1. Thank you for this post: I agree with every word. The decline of the Church of England saddens me immensely. Not long ago I was in Norfolk, where its old character lingers still, and where there are still Rectories and lawns among leaves, but elsewhere I think the picture is as bleak as you say. Likewise, when I worked for a few months at the Church of England Record Centre I found myself amid the relics of a vanished culture of serious and practical faith. We would have disagreed with them about various things, but we would have known how to disagree.
    I am reminded of the extracts from the Harpenden parish magazine that you transcribed a few years ago. In many ways their confident togetherness, Biblical literacy and dignified liveliness made unbearable reading.

    I can't stand the gloating of Catholics about it. Your fifth paragraph articulates perfectly why it is wrong, and why it shows as shallow an understanding of history as ever any Anglican did of the Reformation.

    My sadness at the C. of E.'s decline, and irritation with Catholic gloaters (as if, but for the effect of immigration, we wouldn't have a similar problem), is only strengthened by the knowledge that we might have achieved unity - once in the 1840s, when the Oxford Movement was so strong, and once in the 1950s and 1960s, when there was a serious spirit of ecumenism, aware of the obstacles and prepared to try to overcome them, rather than a glib indifference. Unity now seems a very long way away. But we have to try, perhaps now to forge a proper friendship with Evangelicals, who now seem our nearest allies. And pray.

    1. Yes, I did think of mentioning the Harpenden magazine, but I thought it would be too much of a digression. The most extraordinarily touching thing about that magazine, perhaps, were the lists of baptisms, marriages and deaths. Because it was a parish magazine, they weren't as impersonal as TV listings; they were a little bit more fleshed out. It made the sense of loss much more palpable.

      Interestingly, some of the Oxford Movement hoped that the C of E itself would return to communion with Rome, and held out for that. I didn't know about the fifties and sixties spirit of ecumenism. In a way, I can't help feeling that the Catholic Church is partly responsible for the loss of the C of E, since the signals after Vatican II were so indifferentist. Catholicism was no longer a magnet pulling Anglicans towards orthodoxy. Or at least, not to the same extent.

    2. Yes - the Oxford Movement question was a point of tension for Pugin, who converted relatively early on but was then dismayed when an artistic and cultural division opened up between those who had crossed the Tiber and those who hadn't. His bread and butter, and a major motive for his conversion, was the English architecture and liturgy and furnishings and vestments, and the tide towards Roman, Italianate architecture in the English Catholic Church (see the Brompton Oratory in Kensington) left him stranded. But yes, at one point it seemed to many that visible union really was on the cards.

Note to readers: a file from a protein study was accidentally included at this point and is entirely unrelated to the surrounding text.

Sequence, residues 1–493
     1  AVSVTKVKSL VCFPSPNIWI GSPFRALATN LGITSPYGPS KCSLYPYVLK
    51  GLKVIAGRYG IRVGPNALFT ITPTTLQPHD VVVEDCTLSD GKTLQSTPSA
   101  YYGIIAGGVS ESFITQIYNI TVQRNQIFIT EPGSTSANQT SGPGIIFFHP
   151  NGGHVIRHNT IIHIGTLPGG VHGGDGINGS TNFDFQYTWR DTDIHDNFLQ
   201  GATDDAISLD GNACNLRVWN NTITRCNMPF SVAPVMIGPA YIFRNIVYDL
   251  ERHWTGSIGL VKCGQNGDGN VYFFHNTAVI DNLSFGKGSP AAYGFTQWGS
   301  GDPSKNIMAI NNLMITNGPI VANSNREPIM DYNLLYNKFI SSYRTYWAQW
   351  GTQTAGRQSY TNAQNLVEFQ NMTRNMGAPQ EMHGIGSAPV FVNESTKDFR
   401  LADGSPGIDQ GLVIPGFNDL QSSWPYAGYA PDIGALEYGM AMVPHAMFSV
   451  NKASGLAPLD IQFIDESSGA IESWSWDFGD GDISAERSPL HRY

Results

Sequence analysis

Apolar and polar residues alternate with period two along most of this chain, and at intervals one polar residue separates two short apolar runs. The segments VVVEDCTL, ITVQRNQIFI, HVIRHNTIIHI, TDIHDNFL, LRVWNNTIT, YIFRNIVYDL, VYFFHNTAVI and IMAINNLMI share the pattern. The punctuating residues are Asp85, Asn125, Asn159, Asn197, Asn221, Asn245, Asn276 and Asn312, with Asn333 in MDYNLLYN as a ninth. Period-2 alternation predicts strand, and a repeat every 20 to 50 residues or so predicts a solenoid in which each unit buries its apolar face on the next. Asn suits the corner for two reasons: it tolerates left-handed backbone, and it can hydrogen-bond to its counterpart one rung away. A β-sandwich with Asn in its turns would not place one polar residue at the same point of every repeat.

By the 'fifties and sixties spirit of ecumenism' I mean events like Paul VI's meeting with Michael Ramsay, Archbishop of Canterbury on one hand, and movements like Mary Whitehouse's and others' Clean-Up T.V. campaign on the other. Not long ago I read, and mean to write a blog article on, Mary Whitehouse book about the campaign. It gives the impression of a serious collaboration between the churches, and in the grass roots. Mary Whitehouse, a broad church Anglican, even gives the last word to Paul VI. Gestures like that are what I mean.

      So the ice seemed to be thawing at the highest levels of the Churches and in the ranks of the laity. I feel that, at the time, these things seemed significant not just because they were 'firsts' and novelties, but because people realised that a real effort had been made to overcome barriers. Later I think the barriers were simply brushed over - by both sides, as you suggest - which led simply to apathy, and now there are countless obstacles to unity.

    3. I look forward to that blog post!

  2. That greeting to "Rev" got me thinking of another (different) kind of comedy feat: the new Inspector sneeringly calling Father Brown "Padre" in every episode from the first one onwards in series 4. Not the same thing, but that´s how my mind wandered away.

    In the 20th century "spirit of ecumenism" in England, weren´t there also some interesting things like when Agatha Christie, as a faithful Anglican (I suppose), put her name on a list of support to the Tridentine Latin Mass?

    1. I'm not sure "padre" is actually disrespectful, but it depends on the context, I suppose. I've seen one episode of the show, but don't remember it that well.

      Yes, that's true about Agatha Christie. Quite a curiosity.